Is Ann Leckie the Next Big Thing in Science Fiction?

Categories: Longform
The cover that sparked a war over sexism in the sci-fi writer community.

In January 2013 the members of the Science Fiction & Fantasy Writers of America found (what for some) was an unpleasant surprise in their mailboxes: the 200th issue of the organization's flagship publication, The Bulletin. It wasn't so much the magazine itself that was disturbing as what was on the cover: an illustration of a female warrior in a chain-mail bikini. She's posed straddling the corpse of a freshly slain snow giant, wearing a vaguely sexual expression. It looks like the cover of a 1960s fantasy novel.

"When I got that issue I wondered if I had gone back in time," wrote fantasy and horror author Silvia Moreno-Garcia in a blog post responding to the cover. "For an official magazine of a professional writers association, couldn't we get, I dunno, something a bit more modern? More here and now? Less babes and chain mail?"

Ultimately, however, the content of the issue raised far more hackles than its cover. In their long-running joint column, Barry Malzberg and Mike Resnick — who both began their lauded careers as science-fiction writers and editors in the late 1960s — waxed nostalgic about the great "lady editors" they had known in decades past. At one point, Malzberg brought up an editor named Beatrice Mahaffey.

"She was competent, unpretentious, and beauty pageant gorgeous," he wrote. Resnick followed a few paragraphs later, concluding, "Anyone who's seen photos of Bea from the 1950s knows she was a knockout as a young woman."

"Which has what to do with her editing, Resnick?" tweeted one female SFWA member in response. "WHAT YEAR IS THIS?! Seriously, this SFWA Bulletin has me all backwards."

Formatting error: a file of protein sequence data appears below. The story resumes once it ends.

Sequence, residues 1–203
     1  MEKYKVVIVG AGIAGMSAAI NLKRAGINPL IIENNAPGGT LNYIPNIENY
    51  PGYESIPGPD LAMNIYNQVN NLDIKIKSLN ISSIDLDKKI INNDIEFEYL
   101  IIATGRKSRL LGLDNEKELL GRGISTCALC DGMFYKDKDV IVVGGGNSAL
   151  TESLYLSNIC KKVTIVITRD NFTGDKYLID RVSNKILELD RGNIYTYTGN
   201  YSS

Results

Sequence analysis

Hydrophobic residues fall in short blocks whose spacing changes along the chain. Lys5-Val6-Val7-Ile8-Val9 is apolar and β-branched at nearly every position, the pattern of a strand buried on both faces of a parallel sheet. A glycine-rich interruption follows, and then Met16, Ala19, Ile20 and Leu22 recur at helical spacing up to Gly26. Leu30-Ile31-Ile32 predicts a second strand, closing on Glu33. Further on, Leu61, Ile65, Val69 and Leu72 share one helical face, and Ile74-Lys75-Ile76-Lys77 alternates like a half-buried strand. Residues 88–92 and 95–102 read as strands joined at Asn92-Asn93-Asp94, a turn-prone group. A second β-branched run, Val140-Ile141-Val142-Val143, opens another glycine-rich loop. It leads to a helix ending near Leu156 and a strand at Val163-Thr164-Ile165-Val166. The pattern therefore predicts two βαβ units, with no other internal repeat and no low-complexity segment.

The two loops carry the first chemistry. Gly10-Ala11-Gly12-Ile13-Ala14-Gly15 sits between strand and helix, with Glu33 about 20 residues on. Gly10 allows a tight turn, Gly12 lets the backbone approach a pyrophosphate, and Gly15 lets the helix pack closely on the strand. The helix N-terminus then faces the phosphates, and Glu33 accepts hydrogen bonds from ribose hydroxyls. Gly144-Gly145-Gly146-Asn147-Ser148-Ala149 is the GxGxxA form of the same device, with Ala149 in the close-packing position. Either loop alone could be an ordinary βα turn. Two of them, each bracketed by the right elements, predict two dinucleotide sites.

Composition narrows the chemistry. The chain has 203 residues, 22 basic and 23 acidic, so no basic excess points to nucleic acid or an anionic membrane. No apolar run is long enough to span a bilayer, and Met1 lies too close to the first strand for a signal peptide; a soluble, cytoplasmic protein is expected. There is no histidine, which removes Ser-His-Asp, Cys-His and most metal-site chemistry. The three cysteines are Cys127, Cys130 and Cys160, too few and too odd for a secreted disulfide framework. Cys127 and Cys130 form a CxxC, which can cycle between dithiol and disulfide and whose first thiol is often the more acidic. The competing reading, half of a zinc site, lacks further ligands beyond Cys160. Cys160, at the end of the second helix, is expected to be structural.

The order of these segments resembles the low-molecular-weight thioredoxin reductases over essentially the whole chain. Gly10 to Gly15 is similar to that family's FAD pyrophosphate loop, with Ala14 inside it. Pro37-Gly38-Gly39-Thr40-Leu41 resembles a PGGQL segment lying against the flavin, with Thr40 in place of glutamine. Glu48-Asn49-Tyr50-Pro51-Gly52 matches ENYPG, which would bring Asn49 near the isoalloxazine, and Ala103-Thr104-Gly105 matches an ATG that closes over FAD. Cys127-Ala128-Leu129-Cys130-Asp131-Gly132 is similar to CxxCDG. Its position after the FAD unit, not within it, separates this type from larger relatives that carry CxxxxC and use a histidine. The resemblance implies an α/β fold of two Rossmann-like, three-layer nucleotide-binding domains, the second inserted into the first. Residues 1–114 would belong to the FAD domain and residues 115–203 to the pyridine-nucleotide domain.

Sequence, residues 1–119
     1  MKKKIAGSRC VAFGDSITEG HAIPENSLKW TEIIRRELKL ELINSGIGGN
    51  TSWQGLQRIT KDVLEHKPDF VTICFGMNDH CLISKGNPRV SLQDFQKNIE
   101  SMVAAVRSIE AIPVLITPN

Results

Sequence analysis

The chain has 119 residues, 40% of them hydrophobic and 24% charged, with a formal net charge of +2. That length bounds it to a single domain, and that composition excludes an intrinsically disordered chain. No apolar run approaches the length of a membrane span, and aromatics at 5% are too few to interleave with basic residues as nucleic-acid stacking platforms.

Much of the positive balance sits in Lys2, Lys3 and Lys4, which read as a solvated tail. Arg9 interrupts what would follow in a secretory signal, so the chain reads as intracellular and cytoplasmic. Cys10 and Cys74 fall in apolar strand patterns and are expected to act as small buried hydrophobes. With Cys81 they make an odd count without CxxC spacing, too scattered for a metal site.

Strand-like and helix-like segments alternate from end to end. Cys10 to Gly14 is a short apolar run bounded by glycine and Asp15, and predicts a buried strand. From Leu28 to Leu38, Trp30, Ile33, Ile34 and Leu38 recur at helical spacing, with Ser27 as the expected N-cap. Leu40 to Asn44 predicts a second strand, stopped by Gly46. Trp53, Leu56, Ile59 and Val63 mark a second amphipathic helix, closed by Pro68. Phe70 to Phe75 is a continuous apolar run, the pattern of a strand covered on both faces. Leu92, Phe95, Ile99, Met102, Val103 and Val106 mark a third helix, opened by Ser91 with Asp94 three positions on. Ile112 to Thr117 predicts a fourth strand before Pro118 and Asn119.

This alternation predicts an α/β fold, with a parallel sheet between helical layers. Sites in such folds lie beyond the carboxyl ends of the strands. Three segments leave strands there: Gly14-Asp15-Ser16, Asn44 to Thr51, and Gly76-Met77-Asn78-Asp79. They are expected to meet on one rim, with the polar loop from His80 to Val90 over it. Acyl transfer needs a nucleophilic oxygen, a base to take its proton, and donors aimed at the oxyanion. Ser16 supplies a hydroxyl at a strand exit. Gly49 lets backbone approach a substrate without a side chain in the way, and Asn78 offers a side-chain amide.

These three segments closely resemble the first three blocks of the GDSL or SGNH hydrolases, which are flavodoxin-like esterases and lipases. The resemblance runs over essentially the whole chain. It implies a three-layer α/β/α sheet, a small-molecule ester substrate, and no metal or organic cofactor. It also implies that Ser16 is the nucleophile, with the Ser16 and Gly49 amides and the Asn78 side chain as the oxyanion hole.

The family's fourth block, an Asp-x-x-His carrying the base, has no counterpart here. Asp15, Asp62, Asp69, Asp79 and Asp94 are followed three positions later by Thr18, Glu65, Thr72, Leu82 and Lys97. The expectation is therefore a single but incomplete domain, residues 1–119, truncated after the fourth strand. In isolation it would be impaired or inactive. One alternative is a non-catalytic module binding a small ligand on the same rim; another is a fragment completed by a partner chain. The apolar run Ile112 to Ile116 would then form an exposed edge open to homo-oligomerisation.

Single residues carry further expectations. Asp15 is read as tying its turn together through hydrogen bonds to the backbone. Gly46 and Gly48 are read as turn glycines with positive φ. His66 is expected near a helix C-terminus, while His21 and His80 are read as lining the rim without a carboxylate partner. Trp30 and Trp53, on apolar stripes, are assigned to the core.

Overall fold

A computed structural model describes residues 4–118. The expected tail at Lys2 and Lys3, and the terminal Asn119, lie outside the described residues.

That feeling only intensified with the following issue, which included a baffling column praising Barbie as a lasting role model for girls: "Barbie got her college degree, but she never acted as if it was something owed to her, or that Ken ever tried to deny her. She has always been a role model for young girls...because she maintained her quiet dignity the way a woman should."

The situation reached a head with the cataclysmic May 2013 issue of The Bulletin, which contained an indignant non-pology from Malzberg and Resnick, calling the negative response to their column censorship and their critics "liberal fascists." Resnick: "All we did was appear in a magazine with a warrior woman on the cover, and mention that a woman who edited a science fiction magazine 65 years ago was beautiful."

The reaction was swift and wrathful. Fantasy writer, editor and active SFWA member E. Catherine Tobler resigned from the organization, explaining her actions in a blog post titled, "Dear SFWA."

"There was never a call for suppression. There was a call for respect," she fumed. "There arose the notion that women are people too; that, in a piece focusing on editors, one might speak of editing ability, of anthologies and magazines assembled, and not how one looked in a bathing suit. Surely such content didn't belong in a piece about editors? Were these such radical thoughts?"

Annaliese Moyer
Former SFWA vice president and Hugo Award winner Mary Robinette Kowal.

Former SFWA vice president and Hugo Award winner Mary Robinette Kowal wrote of the two columnists, "They have no power over women's roles in SF, not the way things used to be. But they do have the power to make an organization that I love look unwelcoming. They have the power to make people feel shut out."

In response to the outcry, then-SFWA president Scalzi announced a task force to examine how The Bulletin could be a more "valuable and useful part of the SFWA member experience." Then, The Bulletin's female editor, Jean Rabe, resigned (she declined to comment for this article). Scalzi announced the publication would be put on a six-month hiatus. Resnick and Malzberg were canned.

At the time of the fallout, Leckie was the official SFWA secretary, though her position granted her no editorial control of the magazine. She declined to comment directly on the turmoil (as did Scalzi). But it's clear she has some opinions on the matter.

"There is obviously a group that feels it's totally professional for the outward-facing magazine of the organization to contain a chat of how great it is that lady editors look hot in bikinis," she says carefully. "And then there's a number of writers who don't feel that's even remotely professional or appropriate."

Other women in the community aren't as restrained about the debacle.

"I don't see a light at the end of the tunnel any time soon. At this point I think we're about to go into the worst of it," says Nora Jemisin. "If I may be melodramatic, all this anger and discussion reflects a struggle for the soul of the organization, which is in turn reflective of a greater struggle for the soul of the genre."

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